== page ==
Why Every Ad Should be a Super Bowl Ad

Why Every Ad Should be a Super Bowl Ad

At a cost of $7 million for a 30-second spot, most companies don’t have the means to buy an ad during the Super Bowl. But that doesn’t mean they can’t think like an advertiser for the NFL’s championship game.

A local television, newspaper or Facebook ad may not have the reach of the Super Bowl’s 115 million U.S. viewers, but that shouldn’t discourage businesses from being creative in creating buzz about their products and services. It’s not the size of the audience that counts, but the effectiveness of the messaging. And that is where they can learn a lot from those companies committing upwards of $20 million – with production and creative costs along with the price of airtime – for their brief turn in the spotlight.

Creative and memorable advertising campaigns can go a long way toward establishing a brand as edgy and leave people talking about the commercial they just watched.

One of the most iconic and memorable Super Bowl ads was the 1984 Apple spot for the new Macintosh computer. The movie-like feel of the ad and its mesmerizing look sparked a flood of interest in the new computer system, and generated an immediate response from consumers. Sales the day after the ad ran topped $3.5 million and generated $155 million in transactions over the following three months. While a local television spot is unlikely to produce those kinds of results, it is still a goal worth pursuing.

For those potential advertisers thinking there is a big difference between their small business and Apple Inc., and they have neither the time nor the $1.1 million it took to make and air the ad, take heart. While national advertising, especially for an event like the Super Bowl can be prohibitively expensive, a company’s size is no guarantee of an ad campaign’s success. But that doesn’t stop companies from committing the time and resources to make the effort.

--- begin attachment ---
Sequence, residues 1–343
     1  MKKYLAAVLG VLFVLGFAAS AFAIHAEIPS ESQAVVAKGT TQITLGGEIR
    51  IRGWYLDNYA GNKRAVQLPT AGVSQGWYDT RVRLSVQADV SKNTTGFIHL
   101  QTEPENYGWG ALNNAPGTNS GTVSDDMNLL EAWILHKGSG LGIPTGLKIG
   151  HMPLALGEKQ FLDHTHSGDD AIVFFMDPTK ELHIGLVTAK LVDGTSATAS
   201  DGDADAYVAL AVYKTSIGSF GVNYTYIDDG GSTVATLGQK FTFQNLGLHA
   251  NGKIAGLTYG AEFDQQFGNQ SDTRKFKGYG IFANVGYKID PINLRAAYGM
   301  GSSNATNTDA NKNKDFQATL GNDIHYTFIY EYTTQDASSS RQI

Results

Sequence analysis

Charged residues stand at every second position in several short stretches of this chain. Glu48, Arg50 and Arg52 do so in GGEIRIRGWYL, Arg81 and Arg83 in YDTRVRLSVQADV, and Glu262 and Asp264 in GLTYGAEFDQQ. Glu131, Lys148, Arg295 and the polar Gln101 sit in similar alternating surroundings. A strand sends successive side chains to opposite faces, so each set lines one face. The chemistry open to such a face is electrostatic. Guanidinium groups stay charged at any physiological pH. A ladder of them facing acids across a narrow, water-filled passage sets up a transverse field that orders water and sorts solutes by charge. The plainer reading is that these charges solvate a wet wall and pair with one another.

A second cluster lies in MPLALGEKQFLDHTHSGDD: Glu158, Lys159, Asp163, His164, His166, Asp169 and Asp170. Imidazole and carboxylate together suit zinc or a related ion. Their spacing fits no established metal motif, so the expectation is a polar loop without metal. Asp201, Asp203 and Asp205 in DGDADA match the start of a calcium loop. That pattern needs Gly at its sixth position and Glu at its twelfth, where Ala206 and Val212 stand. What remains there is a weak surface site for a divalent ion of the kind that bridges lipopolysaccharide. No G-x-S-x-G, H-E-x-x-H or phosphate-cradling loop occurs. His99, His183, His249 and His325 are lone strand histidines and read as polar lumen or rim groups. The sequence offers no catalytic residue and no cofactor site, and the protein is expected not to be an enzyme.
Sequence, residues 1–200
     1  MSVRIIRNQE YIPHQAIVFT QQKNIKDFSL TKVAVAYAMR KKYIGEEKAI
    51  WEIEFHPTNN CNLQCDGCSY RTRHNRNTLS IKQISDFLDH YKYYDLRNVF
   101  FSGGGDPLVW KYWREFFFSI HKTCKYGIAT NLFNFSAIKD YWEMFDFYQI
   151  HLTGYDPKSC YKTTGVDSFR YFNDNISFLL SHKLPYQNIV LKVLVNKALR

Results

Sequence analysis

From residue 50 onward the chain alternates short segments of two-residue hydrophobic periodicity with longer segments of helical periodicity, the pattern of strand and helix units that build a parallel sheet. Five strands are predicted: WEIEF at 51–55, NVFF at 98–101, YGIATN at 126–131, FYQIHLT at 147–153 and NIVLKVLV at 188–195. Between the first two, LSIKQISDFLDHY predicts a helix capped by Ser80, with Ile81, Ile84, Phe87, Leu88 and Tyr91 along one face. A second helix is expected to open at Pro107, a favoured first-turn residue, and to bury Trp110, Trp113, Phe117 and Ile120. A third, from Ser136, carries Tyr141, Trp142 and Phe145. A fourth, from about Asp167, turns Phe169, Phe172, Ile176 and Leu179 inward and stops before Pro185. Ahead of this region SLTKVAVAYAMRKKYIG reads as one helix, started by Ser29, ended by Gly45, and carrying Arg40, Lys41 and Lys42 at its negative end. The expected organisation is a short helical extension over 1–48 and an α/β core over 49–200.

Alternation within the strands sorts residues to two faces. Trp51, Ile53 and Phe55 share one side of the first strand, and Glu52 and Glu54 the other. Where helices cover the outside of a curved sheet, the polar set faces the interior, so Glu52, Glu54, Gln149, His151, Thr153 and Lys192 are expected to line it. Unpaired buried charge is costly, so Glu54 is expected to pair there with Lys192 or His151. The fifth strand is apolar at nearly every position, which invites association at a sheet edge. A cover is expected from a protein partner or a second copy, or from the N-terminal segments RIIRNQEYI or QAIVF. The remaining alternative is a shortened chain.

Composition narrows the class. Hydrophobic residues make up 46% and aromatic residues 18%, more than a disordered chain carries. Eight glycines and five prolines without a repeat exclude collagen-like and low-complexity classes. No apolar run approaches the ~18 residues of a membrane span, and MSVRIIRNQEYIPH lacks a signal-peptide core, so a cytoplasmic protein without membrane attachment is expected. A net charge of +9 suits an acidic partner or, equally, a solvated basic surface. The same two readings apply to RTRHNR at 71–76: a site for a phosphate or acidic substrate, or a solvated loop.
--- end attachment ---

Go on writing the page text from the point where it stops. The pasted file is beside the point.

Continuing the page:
That is the lesson. While consumers bemoan the accumulation of advertising they see on television, in print and online, they may just be protesting too much. The hundred or so million viewers of the Super Bowl are not all there to watch football. Many of them are there to see the ads. And talk about the ads. And share their favorites with their friends.

Business owners should approach every advertising opportunity and every marketing campaign as if it was their company’s Super Bowl moment. A chance to stand up and stand out with loyal customers and potential customers alike. Just because you don’t have the budget of an Apple or Anheuser-Busch InBev doesn’t mean you can’t have the same intentionality with advertising creation. And one of those intentions is to create a brand mystique, something that sets your business apart or defines it in an iconic way.

While many business owners look only at the raw return-on-investment from advertising dollars, there is more to selling a product than simply selling a product. Super Bowl advertisers know this. They know they have the attention of consumers who want to be surprised, amused and entertained more than they want a hard sell.

And who knows, in this digital age of ours, it’s not unusual for a creative local advertisement to find new life and reach new heights across social media platforms. And that just might be what really makes advertising super.